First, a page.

It was a good day.
As Buddhist monks crouched and chanted blessings, Dara, a rare hairy-nosed otter (Lutra sumatrana), entered his new home for the first time. Annette Olsson, Research and Monitoring Manager for CI-Cambodia, described Dara as “very calm and curious” as he explored his new private breeding enclosure at the Phnom Tamau Zoo.
It was also a day that might not have occurred.
Dara, whose name means “precious” and “star” in Khmer, represents a great hope and opportunity for his species. Once thought to be extinct, hairy-nosed otters survive in only a few regions of Cambodia, Thailand, Vietnam and Sumatra, and their numbers remain unknown. They are increasingly killed for traditional medicines, and traders often provide free traps to help locals capture and kill the otters for their fur. In the Tonle Sap region north of Phnom Phen, otters sometimes break fishermen’s nets and traps, and steal the catch; to many locals, they are considered pests. Loss of habitat, due in part to impacts from global climate change, is another growing threat.
Tonle Sap Lake
The monks’ blessings – a Cambodian tradition – mark a new start for Dara. The young otter was rescued after his mother was killed by a local fisherman on Tonle Sap Lake. The fisherman, a local, had been keeping him as a pet.
Nearly 4,000 hectares of Tonle Sap are already protected as part of the Kampong Prak fish sanctuary, but because the otters’ flooded forest habitat is not protected, and could be affected by changing river and water flows caused by climate change, Conservation International (CI) and Cambodia’s Fishery Administration are working together to extend the sanctuary by up to 20,000 hectares. The expansion will include large areas of flooded forests where hairy-nosed otters are known to exist.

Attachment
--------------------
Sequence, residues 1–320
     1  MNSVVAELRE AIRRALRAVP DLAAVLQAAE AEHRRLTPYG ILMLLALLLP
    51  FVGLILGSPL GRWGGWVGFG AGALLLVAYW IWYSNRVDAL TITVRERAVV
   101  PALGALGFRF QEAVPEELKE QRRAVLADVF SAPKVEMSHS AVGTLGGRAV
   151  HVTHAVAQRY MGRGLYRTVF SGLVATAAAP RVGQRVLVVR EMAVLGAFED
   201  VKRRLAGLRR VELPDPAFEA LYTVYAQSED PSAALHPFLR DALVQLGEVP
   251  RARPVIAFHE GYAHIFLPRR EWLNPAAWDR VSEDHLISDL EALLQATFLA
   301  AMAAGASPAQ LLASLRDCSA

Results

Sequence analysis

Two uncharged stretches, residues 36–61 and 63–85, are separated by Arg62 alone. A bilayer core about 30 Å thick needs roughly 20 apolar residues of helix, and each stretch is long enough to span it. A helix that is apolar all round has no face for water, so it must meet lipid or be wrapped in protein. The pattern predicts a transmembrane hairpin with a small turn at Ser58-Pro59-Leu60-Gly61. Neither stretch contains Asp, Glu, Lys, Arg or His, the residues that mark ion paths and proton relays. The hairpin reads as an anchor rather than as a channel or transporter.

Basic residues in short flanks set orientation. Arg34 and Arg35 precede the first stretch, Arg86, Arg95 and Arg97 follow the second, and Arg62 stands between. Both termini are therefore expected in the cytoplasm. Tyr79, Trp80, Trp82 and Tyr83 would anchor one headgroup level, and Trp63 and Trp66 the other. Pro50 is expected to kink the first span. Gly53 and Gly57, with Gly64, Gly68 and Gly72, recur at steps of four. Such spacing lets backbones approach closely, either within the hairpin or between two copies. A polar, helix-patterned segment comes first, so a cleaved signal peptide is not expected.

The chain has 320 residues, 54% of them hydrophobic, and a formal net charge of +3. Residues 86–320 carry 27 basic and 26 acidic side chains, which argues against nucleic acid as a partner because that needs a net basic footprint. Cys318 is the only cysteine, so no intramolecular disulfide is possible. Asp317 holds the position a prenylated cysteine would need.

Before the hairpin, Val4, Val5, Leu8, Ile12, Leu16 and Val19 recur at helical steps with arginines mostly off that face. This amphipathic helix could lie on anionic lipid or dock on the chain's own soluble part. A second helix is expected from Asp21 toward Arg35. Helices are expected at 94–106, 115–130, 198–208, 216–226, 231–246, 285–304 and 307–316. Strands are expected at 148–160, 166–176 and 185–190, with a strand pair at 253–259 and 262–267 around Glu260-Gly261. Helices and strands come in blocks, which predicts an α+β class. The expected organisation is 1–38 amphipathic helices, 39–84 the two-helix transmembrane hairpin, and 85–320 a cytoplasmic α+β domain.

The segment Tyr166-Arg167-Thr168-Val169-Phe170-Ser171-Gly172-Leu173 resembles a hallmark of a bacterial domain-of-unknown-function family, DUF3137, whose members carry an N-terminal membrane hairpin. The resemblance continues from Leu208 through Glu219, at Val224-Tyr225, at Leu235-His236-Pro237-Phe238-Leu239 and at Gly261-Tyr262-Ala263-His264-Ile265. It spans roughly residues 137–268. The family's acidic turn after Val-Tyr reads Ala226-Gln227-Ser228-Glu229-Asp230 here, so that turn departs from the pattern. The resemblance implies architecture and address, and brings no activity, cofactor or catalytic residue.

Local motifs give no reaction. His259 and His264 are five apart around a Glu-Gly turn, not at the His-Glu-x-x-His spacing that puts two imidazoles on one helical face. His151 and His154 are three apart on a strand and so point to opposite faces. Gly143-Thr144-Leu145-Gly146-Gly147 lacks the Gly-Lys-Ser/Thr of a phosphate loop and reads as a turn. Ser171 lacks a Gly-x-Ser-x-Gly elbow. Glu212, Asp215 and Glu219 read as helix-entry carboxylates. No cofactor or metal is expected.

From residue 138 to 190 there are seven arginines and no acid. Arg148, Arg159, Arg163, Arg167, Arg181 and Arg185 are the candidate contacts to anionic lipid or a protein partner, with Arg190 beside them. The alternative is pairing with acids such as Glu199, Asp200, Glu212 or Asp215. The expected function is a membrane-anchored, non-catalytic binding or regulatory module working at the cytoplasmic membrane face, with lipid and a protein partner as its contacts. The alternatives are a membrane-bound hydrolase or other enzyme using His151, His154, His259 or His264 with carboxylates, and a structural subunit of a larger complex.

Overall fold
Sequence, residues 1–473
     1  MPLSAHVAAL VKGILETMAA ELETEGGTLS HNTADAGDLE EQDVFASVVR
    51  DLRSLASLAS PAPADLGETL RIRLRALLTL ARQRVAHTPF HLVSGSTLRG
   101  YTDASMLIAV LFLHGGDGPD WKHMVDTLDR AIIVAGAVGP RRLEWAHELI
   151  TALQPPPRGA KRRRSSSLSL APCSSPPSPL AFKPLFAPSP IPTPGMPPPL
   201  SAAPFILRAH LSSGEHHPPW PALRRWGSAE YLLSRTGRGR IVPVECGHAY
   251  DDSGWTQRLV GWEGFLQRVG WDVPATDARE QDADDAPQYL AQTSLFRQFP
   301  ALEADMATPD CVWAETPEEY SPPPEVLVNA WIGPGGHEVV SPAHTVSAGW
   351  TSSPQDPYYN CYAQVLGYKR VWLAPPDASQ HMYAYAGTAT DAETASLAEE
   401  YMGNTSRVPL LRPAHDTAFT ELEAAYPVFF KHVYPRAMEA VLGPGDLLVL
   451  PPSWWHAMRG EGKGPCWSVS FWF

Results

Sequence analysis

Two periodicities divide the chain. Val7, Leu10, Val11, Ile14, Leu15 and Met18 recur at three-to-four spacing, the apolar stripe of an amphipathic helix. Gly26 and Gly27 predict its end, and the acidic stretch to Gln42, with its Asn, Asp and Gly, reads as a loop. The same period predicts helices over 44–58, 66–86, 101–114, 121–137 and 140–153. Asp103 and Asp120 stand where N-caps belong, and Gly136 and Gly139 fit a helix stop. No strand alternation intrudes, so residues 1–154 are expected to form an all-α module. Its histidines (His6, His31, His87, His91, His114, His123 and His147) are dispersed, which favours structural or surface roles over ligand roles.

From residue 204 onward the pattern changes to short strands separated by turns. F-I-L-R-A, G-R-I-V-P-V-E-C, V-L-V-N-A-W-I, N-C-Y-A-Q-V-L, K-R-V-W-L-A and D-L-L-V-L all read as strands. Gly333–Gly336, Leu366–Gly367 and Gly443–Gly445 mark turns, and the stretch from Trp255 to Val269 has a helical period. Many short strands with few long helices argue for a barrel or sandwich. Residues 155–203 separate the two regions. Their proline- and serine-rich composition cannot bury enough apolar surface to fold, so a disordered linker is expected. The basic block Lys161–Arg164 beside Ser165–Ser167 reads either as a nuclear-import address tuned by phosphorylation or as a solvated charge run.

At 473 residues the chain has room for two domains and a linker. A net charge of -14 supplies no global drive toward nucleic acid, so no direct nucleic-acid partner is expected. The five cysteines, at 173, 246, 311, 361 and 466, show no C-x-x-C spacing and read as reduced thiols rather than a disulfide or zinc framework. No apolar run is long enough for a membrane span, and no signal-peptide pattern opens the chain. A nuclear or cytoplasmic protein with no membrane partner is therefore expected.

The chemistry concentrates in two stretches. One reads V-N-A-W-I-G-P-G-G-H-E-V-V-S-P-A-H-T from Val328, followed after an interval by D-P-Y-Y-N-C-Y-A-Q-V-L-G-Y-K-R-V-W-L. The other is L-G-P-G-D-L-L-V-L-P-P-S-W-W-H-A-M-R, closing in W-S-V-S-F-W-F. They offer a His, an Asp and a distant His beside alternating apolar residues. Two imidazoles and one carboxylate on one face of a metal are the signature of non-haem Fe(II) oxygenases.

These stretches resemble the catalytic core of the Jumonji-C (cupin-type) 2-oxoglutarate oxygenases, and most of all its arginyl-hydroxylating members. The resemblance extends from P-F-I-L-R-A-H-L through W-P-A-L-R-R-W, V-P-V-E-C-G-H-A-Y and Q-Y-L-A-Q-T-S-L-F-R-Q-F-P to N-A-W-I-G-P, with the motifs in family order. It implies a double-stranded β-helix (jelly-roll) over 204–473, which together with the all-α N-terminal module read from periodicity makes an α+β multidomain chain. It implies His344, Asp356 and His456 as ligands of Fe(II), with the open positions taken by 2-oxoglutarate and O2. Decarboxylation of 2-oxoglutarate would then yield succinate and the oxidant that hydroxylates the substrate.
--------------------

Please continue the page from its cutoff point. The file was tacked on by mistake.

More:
Somanak Peov, a Biodiversity Monitoring and Research specialist working with CI and Cambodia’s Forestry Administration, calls the flooded forest and other lakeside forests “the best place for wildlife nesting, feeding and resting.”
Accordingly, CI has initiated a series of activities to protect the otters at Tonle Sap: Significant research and monitoring is being paired with training, education, and discussion groups with local fishing communities. “Most of the fisherman live on floating houses, in floating villages,” says Somanak. “The people are very skilled at fishing, diving and hunting, including otters.” After further assessment, a community ranger program may be launched.
A Rare Opportunity
Dara could both inspire protection of other otters and be the first of a captive breeding pool. CI has been researching otters in Cambodia since 2006, and Olsson is leading a 2008 IUCN Red List review that is likely to support a higher threat classification for the species. The new listing status will make hairy-nosed otters a higher priority for protection and conservation funding.
Establishing a captive breeding population might well be a key step in ensuring the survival of the species. Olsson adds, “Dara could be the founder of such a captive population, if and when we find him a wife.”
As Dara continued to get acquainted with his new home, the monks’ chants faded away. Their good wishes seem to have given Dara a good start.
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